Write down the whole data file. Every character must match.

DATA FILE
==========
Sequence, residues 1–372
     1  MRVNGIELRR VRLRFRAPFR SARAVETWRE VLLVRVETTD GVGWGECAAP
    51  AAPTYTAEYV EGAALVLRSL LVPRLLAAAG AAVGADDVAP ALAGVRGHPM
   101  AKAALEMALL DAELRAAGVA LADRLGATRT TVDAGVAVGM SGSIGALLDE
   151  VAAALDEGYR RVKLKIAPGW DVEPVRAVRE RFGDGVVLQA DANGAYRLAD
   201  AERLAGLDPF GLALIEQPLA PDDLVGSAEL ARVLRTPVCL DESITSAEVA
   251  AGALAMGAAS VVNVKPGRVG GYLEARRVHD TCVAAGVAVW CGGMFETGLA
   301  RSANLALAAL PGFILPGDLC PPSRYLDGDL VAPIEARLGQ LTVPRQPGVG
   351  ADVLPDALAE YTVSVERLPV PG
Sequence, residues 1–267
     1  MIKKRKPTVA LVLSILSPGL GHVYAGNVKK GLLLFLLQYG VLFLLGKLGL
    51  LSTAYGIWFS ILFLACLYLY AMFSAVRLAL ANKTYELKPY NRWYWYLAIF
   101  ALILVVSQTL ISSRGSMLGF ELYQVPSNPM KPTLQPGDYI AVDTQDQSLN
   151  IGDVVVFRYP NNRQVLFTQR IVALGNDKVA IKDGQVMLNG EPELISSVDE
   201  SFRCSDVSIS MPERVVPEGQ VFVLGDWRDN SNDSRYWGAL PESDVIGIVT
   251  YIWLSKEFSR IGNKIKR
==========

Sequence, residues 1–372
     1  MRVNGIELRR VRLRFRAPFR SARAVETWRE VLLVRVETTD GVGWGECAAP
    51  AAPTYTAEYV EGAALVLRSL LVPRLLAAAG AAVGADDVAP ALAGVRGHPM
   101  AKAALEMALL DAELRAAGVA LADRLGATRT TVDAGVAVGM SGSIGALLDE
   151  VAAALDEGYR RVKLKIAPGW DVEPVRAVRE RFGDGVVLQA DANGAYRLAD
   201  AERLAGLDPF GLALIEQPLA PDDLVGSAEL ARVLRTPVCL DESITSAEVA
   251  AGALAMGAAS VVNVKPGRVG GYLEARRVHD TCVAAGVAVW CGGMFETGLA
   301  RSANLALAAL PGFILPGDLC PPSRYLDGDL VAPIEARLGQ LTVPRQPGVG
   351  ADVLPDALAE YTVSVERLPV PG
Sequence, residues 1–267
     1  MIKKRKPTVA LVLSILSPGL GHVYAGNVKK GLLLFLLQYG VLFLLGKLGL
    51  LSTAYGIWFS ILFLACLYLY AMFSAVRLAL ANKTYELKPY NRWYWYLAIF
   101  ALILVVSQTL ISSRGSMLGF ELYQVPSNPM KPTLQPGDYI AVDTQDQSLN
   151  IGDVVVFRYP NNRQVLFTQR IVALGNDKVA IKDGQVMLNG EPELISSVDE
   201  SFRCSDVSIS MPERVVPEGQ VFVLGDWRDN SNDSRYWGAL PESDVIGIVT
   251  YIWLSKEFSR IGNKIKR